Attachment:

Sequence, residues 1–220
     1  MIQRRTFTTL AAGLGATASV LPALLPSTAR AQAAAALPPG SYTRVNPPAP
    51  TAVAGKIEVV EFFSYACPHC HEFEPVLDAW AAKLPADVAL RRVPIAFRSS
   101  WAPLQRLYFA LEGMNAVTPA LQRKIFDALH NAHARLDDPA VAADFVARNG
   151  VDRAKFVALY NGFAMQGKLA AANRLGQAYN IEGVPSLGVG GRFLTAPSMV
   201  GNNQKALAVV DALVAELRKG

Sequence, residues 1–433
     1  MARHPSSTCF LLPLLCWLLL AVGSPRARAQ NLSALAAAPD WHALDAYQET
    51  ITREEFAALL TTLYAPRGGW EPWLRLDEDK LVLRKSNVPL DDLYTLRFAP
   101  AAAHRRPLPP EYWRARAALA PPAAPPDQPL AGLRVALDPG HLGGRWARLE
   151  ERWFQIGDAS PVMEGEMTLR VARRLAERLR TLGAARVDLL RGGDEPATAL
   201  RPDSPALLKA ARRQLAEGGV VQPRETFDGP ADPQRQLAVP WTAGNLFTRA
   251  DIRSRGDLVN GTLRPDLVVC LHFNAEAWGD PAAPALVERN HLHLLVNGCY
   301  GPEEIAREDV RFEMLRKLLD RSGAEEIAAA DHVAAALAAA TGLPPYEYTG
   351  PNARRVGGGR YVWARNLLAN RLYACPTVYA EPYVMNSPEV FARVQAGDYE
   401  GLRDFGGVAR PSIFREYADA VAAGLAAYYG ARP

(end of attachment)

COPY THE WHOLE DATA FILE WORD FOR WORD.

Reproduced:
Sequence, residues 1–220
     1  MIQRRTFTTL AAGLGATASV LPALLPSTAR AQAAAALPPG SYTRVNPPAP
    51  TAVAGKIEVV EFFSYACPHC HEFEPVLDAW AAKLPADVAL RRVPIAFRSS
   101  WAPLQRLYFA LEGMNAVTPA LQRKIFDALH NAHARLDDPA VAADFVARNG
   151  VDRAKFVALY NGFAMQGKLA AANRLGQAYN IEGVPSLGVG GRFLTAPSMV
   201  GNNQKALAVV DALVAELRKG

Sequence, residues 1–433
     1  MARHPSSTCF LLPLLCWLLL AVGSPRARAQ NLSALAAAPD WHALDAYQET
    51  ITREEFAALL TTLYAPRGGW EPWLRLDEDK LVLRKSNVPL DDLYTLRFAP
   101  AAAHRRPLPP EYWRARAALA PPAAPPDQPL AGLRVALDPG HLGGRWARLE
   151  ERWFQIGDAS PVMEGEMTLR VARRLAERLR TLGAARVDLL RGGDEPATAL
   201  RPDSPALLKA ARRQLAEGGV VQPRETFDGP ADPQRQLAVP WTAGNLFTRA
   251  DIRSRGDLVN GTLRPDLVVC LHFNAEAWGD PAAPALVERN HLHLLVNGCY
   301  GPEEIAREDV RFEMLRKLLD RSGAEEIAAA DHVAAALAAA TGLPPYEYTG
   351  PNARRVGGGR YVWARNLLAN RLYACPTVYA EPYVMNSPEV FARVQAGDYE
   401  GLRDFGGVAR PSIFREYADA VAAGLAAYYG ARP